2014 was a big year for the the selfie. It was the year that the slang for taking a picture of oneself was added to the Oxford Dictionary. The year 2014 – in its entirety – was also fully dedicated to the popular self-portrait artform; aka, The Year of the Selfie. Big players like Kim K discussed their selfie tips and tricks, while bizarre tools like the Belfie blew up on social media.
Two years later, the selfie's popularity lives on – and if anything, it's evolved to be its own pop cultural entity. Chances are you can't walk past a colorful wall of graffiti, public washroom, or floor-length mirror without seeing someone extending their arm to snap a duck-lipped portrait.
But standing out with a solo, regular selfie on social media can be hard, and with over eight percent of Instagram's overall images shared being selfies, chances of being noticed for your selfie skillz (that's right – skills with a z) are slim to none.
We break down the ultimate selfie gear guide and tell you what you need to snap the most unique, vibrant, kick-ass self portraits, one set of ducklips at a time.
- Camera shutter remote
- Light source
- Mirrored screen protector
- Cliquefie aka NOT a selfie stick
- Creative external lenses
- Photo editing apps
Camera shutter remote
Say goodbye to shaky selfie stick snaps, uncomfortable/awkward positions, and one-armed shots that showcase the tell-tale selfie angle (you know what we're talkin' about), and say hello to a selfie-taker's new BFF: a camera shutter remote.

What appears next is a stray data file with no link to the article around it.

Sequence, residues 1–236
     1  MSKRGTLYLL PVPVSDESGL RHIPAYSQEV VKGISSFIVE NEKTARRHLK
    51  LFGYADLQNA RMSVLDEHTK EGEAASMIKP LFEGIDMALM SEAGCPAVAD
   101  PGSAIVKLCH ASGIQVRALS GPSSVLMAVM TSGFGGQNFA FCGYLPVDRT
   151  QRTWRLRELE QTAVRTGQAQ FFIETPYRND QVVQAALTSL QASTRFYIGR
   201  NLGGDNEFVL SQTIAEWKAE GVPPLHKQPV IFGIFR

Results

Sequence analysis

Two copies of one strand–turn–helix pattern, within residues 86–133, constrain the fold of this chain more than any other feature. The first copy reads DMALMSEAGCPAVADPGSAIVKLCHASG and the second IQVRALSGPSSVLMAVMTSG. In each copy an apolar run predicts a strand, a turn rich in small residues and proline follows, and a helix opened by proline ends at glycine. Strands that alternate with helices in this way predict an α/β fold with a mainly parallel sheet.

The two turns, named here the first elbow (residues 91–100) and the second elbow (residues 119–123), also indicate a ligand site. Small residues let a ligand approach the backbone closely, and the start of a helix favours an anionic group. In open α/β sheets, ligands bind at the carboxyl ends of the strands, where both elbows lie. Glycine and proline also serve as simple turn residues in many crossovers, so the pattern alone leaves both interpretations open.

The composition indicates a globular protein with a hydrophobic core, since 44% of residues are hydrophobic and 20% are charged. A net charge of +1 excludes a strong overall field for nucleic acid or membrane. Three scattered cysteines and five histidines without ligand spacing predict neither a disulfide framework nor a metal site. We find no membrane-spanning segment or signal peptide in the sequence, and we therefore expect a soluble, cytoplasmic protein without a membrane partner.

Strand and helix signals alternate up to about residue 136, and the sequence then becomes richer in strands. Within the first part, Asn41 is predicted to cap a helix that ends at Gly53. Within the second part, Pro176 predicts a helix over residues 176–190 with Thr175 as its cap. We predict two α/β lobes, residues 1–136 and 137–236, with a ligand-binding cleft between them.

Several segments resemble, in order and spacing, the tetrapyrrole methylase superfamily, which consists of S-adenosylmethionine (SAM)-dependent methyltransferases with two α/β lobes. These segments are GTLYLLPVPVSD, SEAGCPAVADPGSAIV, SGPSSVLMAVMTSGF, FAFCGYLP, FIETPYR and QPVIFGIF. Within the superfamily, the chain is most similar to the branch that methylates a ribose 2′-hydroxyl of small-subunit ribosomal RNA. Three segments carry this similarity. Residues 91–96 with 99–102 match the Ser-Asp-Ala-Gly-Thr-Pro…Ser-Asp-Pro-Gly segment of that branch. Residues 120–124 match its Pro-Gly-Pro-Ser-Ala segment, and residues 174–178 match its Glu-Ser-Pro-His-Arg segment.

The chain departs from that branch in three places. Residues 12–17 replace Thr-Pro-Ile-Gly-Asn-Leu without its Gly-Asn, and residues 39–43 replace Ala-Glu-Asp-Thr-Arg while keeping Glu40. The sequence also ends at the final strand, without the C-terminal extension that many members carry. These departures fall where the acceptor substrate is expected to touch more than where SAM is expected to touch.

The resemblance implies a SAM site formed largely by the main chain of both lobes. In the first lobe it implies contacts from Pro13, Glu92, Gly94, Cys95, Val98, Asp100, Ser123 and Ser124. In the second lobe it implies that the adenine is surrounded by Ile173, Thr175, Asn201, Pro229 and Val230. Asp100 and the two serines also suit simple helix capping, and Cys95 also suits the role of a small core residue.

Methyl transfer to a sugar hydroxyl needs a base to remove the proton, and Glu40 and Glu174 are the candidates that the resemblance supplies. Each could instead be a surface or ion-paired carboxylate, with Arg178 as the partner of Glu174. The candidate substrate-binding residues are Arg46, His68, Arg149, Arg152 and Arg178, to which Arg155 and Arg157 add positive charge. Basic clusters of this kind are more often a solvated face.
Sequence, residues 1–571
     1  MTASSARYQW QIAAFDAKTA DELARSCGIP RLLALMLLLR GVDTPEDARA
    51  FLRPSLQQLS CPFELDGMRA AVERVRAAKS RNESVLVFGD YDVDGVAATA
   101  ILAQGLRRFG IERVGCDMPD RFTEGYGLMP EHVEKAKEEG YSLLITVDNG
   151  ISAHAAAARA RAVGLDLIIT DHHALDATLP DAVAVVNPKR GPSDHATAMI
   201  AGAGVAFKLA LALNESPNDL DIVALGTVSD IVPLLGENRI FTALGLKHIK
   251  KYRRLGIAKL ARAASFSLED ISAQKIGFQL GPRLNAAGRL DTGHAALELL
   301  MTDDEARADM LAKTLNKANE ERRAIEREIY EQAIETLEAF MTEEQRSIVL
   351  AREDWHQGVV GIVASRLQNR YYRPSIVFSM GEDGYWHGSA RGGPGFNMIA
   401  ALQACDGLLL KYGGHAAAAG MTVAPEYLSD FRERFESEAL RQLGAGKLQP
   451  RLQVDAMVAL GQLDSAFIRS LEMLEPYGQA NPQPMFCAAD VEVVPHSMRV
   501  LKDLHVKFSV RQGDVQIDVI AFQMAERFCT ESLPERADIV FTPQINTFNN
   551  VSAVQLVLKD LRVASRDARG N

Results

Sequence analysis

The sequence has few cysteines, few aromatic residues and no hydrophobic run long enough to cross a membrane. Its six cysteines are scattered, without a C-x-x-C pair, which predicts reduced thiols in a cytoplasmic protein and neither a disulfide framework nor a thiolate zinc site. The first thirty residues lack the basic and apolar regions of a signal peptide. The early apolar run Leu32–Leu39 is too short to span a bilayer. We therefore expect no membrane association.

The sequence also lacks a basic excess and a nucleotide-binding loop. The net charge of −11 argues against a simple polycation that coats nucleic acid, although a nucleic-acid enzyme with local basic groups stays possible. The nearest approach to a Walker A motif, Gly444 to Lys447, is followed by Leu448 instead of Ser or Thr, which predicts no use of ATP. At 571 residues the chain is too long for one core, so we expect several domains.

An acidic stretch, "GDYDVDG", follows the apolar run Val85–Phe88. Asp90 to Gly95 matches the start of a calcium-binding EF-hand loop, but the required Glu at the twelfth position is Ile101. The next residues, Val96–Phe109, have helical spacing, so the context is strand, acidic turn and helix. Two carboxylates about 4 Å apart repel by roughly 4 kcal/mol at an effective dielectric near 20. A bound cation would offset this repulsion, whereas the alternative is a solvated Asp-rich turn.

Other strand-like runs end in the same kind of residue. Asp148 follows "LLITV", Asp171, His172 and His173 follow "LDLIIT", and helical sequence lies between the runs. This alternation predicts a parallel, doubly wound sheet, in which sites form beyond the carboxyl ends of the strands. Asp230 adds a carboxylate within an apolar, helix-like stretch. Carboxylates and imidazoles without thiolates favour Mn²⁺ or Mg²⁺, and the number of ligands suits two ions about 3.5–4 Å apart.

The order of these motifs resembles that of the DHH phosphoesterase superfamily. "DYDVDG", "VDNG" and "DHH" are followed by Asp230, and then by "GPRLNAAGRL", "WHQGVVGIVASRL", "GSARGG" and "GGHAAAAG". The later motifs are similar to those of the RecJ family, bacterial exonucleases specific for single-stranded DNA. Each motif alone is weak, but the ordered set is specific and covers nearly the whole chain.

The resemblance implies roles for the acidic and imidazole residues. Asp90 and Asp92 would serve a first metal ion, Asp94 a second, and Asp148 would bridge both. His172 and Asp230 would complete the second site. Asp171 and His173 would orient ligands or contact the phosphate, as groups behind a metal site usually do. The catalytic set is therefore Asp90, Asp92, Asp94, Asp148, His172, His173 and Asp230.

Strangely enough, some of the best selfies are almost intentionally taken to look like candid shots. The subject may choose to pose and look away from the camera, or even take a selfie with a timer. While both seem fairly simple to execute, a camera shutter remote takes all the hassle out of posing with a timer or getting more organic, natural looking pictures.
With remotes like the Muku Shuttr, all you have to do is set up your phone, enable Bluetooth, and snap away from almost any distance. Plus there aren't any apps to download or any additional moving parts, so you can take your perfect selfie in a second.
There's a reason phone cases like the LuMee (opens in new tab) have blown up all over social media. It's not just because of the Kardashians/Jenners (plus, it's not like Lumee hasn't officially partnered with Kim K or anything), and it's not because it's a particularily phenomenal piece of equipment, but it's because of the unique LED light frame that illuminates a users face, transforming their selfies from subpar to something phenomenal.
Lighting can make or break a good photograph, and the same goes for selfies. You don't need to pick up a pricey case, either – investing in a small, external phone light like the RC Selfie Ring light (opens in new tab) or the Enfanr Portable Mini LED light (opens in new tab) can be inexpensive options for your self portraits that really make a difference.
Try using a light source that has its own battery so you don't have to keep it constantly attached to your phone in order for it to work. Using a stand-alone selfie light also means you can play around with lighting angles to see what works best, or get weird and creative with your lighting.
Mirrored screen protector
Remember the days when everyone had an adorable little compact mirror in their bag? Me neither – that's why a mirrored screen protector is a much better, much simpler solution.
Certain screen mirrors like the Glam Screen act as a mirror when the screen is dark or completely off, while functioning like a regular phone screen protector while it's in use. You can use the screen to check out your appearance, touch up your makeup, and practice your favorite poses before snapping your selfie.
Cliquefie aka NOT a selfie stick